Even “Game of Thrones” has not quite rescued medieval studies from its reputation for stodginess. Yet the organizers of this year’s International Medieval Congress must have thought their fellow scholars would think them a teensy bit cool for selecting the theme “otherness.”

There were plenty of panels on gender, gendering, ungendering, and various gendered things. There was one devoted to “Hagiography Beyond Gender Essentialism: Trans and Genderqueer Sanctity: Rethinking the Status Quo.” There was plenty on ethnicity, a bit on race, and, for those who like their politics unsauced, a panel entitled “The Historical Is Political: Understanding the Backlash against the Study of Race, Gender, and Representation in Medievalism.”

I note these titles not to bash the conference, whose program contains many interesting things, or to suggest that medieval studies can cast no light on contemporary problems. I am saying only that the 2,400 scholars from 56 countries who descended on England’s University of Leeds earlier this month may have thought they’d gone some way toward appeasing the academic left.

Nope. Some of their fellow medievalists are accusing them of abetting white supremacy.

This remarkable charge, though related to longstanding discontent about the field of medieval studies, is at the moment tied to a panel entitled “The Medieval Concept of Otherness.” For the sake of focus, invited panelists were all historians of the early Middle Ages. The idea behind the panel was that whatever the medieval understanding of “us” and “them” or “self” and “other” was, it is was quite different from what ours is today. So the Leeds International Medieval Conference had a white supremacy problem because—no, really—this one panel consisted of “white Europeans” who were not steeped in critical race and postcolonial theory. You cannot have a discussion of how people in the early Middle Ages thought of “the other” without panelists of color versed in highly politicized contemporary theories of oppression.

Don’t believe me? Here is one “rant” on the subject by Dorothy Kim, an assistant professor of English at Vassar College. Her politics may be guessed at by her apparently approving retweet of birthday wishes for the convicted (but left-wing, so hurray!) murderer, Assata Shakur and her decision to defend the academic boycott of Israel.  Kim begins by being outraged that although the panel in question is about otherness, “the entire panel is filled w/ white Europeans.”

She goes on to complain about scholars who are skeptical about the value of explicitly left-wing critical race and postcolonial theory for the study of the Middle Ages. The “other” under discussion in the panel has little to do with the scholars or tradition of scholarship captured under the “critical race theory” umbrella. But never mind. Kim informs us that it’s “racist” to neglect critical race theory when you discuss “the other” in the early Middle Ages. And if you are among those who think that critical race theory is too political, Professor Kim has news for you. “The public sees medieval studies as political. It is political.”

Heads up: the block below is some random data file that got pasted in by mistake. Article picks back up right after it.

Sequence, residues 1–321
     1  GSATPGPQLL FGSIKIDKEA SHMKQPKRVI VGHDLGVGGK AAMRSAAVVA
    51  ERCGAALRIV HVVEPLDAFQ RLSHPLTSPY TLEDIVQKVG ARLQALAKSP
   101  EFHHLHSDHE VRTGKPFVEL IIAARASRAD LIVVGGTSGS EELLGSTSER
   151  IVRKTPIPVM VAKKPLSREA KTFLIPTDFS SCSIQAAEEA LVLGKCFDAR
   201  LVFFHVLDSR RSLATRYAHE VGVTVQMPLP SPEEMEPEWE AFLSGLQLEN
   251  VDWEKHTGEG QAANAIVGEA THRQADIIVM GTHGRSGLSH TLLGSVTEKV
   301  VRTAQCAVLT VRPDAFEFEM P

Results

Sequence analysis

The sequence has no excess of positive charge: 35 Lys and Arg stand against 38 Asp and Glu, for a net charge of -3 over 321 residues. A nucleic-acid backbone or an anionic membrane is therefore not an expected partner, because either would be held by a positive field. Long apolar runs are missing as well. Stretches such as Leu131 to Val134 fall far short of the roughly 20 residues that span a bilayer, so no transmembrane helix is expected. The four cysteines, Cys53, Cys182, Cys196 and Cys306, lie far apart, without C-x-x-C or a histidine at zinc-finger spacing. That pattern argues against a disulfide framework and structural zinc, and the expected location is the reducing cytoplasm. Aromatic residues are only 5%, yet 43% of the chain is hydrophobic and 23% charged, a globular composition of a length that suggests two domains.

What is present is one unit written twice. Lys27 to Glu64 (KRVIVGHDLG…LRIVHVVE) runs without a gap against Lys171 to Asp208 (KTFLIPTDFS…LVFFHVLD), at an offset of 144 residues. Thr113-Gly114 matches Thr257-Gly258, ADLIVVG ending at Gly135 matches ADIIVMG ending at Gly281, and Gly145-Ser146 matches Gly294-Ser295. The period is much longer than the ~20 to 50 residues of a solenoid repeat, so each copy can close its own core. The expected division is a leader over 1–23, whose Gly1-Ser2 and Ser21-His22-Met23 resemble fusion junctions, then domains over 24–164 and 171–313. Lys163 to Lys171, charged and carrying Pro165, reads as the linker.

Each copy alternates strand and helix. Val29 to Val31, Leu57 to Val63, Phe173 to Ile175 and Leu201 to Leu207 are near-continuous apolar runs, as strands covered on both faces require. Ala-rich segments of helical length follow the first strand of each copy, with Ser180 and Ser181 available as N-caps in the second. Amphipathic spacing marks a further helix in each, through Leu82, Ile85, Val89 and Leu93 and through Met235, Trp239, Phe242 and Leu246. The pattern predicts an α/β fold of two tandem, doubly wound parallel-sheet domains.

So there are only two choices for the scholar of the Middle Ages. “Decide if u want to uphold white supremacy or fight it.” This ridiculous theme–that the public is somehow aware of medieval studies, that white supremacists sometimes appeal to the Middle Ages, and so the whole field now needs to be reconstituted to reject this appeal–is picked up with great earnestness by the Chronicle of Higher Education here.

Fortunately, for professors who undermine the reputation of academics by recklessly charging others with racism, the public is, I would venture to guess, completely unaware of what scholars of the Middle Ages are up to. If they were aware of it, they might be irritated by Kim’s reference to the “free emotional/affective labor” academics like her are compelled to undertake to persuade others, who strangely are surprised and even upset when they are groundlessly charged with serious moral crimes. They might be appalled by Kim’s contemptuous dismissal of such others—isn’t she supposed to be some kind of expert on “others”—who should quit “having their white feelings.”

This is evidently the new thing. Indeed, in the one nuanced piece I read on this subject, Rachel Stone, a medievalist who actually was on and knew something about the panel, made the mistake of quoting Kim’s characterization of her own comments as a “rant.” In response to those who then accused her of belittling Kim by, you know, reporting exactly what she said, Professor Stone removed the offending word. This was not enough for lily white male medievalist Karl Steel, who complained that Stone’s post “still comes off as white fragility.” This sounds like “mansplaining” to me, but I admit I am not conversant in these newfangled ways of settling arguments.

In any case, I am glad that Professor Stone spared herself the emotional labor of responding to Steel. If the persistent attempts of Ph.Ds to make themselves look foolish proves one thing, it is that some people never learn.

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